Technology Holding Back E-Book Revolution.
Article date: Thu, 27 Oct 2011 11:53 GMT
There are too many barriers to e-reading for the format to be as widely accepted as digital music.
Issues over price, copyright and safety in the cloud threaten the future of e-publishing. A panel of e-publishing experts discussed the stalled progress of the e-book and why it has not received the warm reception that the mp3 did.
Mark Cantrell, indie author and journalist for Excel Publishing, warned that new technologies such as the new Kindle Fire tablet computer raise questions of ownership for authors and readers, as all of the data is stored on the cloud.
He said: "I regularly publish my work through the Kindle but as an author I don't want all of my work stored in the big corporate cloud and controlled by the big corporations.
"We just have to look back to GL Cities as an example; they had a massive stock of blogs and stories and one day the site was gone and all of the data was gone with it. We have the same issue with the cloud - I simply would not trust all of my data with a big corporation."
Kevin Duffy, Blue Moose Publishing, explained that a key problem for both authors and readers is ownership of the content. He said: "The problem with the Kindle is that you do not own any of the content that you download, and they can take it away from you at any point.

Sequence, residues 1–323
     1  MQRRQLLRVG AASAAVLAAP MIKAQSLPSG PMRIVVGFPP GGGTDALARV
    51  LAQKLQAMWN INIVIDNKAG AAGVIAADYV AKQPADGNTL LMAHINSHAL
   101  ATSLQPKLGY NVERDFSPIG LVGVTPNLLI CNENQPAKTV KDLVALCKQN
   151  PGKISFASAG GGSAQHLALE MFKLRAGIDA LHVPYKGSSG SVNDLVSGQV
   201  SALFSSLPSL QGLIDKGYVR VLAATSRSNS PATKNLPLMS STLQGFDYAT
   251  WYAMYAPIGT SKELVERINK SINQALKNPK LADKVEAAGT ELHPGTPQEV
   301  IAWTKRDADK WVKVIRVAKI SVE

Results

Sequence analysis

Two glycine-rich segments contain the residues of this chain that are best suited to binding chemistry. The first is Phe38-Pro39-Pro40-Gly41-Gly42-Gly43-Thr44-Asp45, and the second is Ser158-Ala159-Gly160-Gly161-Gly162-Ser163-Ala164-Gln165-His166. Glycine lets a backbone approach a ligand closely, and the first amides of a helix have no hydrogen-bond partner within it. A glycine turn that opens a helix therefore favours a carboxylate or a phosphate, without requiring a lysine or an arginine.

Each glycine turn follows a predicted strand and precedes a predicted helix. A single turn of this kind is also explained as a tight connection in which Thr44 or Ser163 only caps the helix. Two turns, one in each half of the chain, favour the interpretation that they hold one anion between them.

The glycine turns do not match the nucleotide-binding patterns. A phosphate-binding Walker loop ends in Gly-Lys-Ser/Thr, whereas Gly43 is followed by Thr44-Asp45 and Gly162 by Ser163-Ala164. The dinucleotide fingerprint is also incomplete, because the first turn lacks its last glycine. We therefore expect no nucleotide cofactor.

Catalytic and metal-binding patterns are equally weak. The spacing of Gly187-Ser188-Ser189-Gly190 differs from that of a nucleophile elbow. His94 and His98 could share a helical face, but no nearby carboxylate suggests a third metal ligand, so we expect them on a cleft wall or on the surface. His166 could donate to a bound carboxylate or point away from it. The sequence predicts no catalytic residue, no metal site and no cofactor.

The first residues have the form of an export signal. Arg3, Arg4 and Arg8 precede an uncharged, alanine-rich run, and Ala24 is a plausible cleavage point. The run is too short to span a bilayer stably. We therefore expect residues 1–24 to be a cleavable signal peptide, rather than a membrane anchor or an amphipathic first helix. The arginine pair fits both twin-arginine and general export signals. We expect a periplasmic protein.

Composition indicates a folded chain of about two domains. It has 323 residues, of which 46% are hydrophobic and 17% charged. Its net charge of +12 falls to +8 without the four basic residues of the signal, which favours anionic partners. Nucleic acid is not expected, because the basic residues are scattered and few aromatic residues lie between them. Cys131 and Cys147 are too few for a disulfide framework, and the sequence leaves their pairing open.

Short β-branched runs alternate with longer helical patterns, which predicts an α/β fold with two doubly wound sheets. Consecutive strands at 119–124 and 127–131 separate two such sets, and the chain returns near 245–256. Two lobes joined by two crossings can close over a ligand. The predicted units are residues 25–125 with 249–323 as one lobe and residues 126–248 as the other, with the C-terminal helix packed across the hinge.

"There was an example in Germany not so long ago when a man was ironically reading 1984 on his e-reader and Amazon removed it from his device as there were copyright issues with that particular version, whereas a physical book is yours to own and keep."
The panel also addressed the key issue of the price barrier to joining the e-book revolution, despite the e-books themselves being low in price, or even free, there is still a layout of on average £100 for an e-reader.
Roy Rowlands, Cognitive Publishing said: "If we look across the world, where once businesses could get cheaper labour employees are standing up to join unions and increase pay scales so companies like Amazon will struggle to get the cost of making e-readers like the Kindle down to a more accessible price meaning that there is still the affordability issue."
Stuart Anderson, editor of EN magazine looked at these barriers from a B2B publishing perspective. He explained the hurdles that e-zines must overcome to gain the same readership as the physical editions.
"If a hard copy magazine lands on your desk, you can pick it up and flip through it at your convenience. Whereas when I receive a notification to say that the latest issue of an e-zine is available by clicking a link, I rarely click it." he says.
"Then if you do click that link to download it, it is on your computer screen but then you would have to download it to your e-reader or tablet to read it elsewhere."
Sara Slack of publishing house Inspired Quill expressed her concern that the openness of e-publishing could dilute the quality of literature.
She said: "The problem online is that there are no 'gatekeepers'. J.K. Rowling was turned down several times before being picked up by Bloomsbury, now if an author is turned down they can simple self-publish online.
"The problem with this is that the people who are passionate and really care about their work are lost in a sea of mediocrity."
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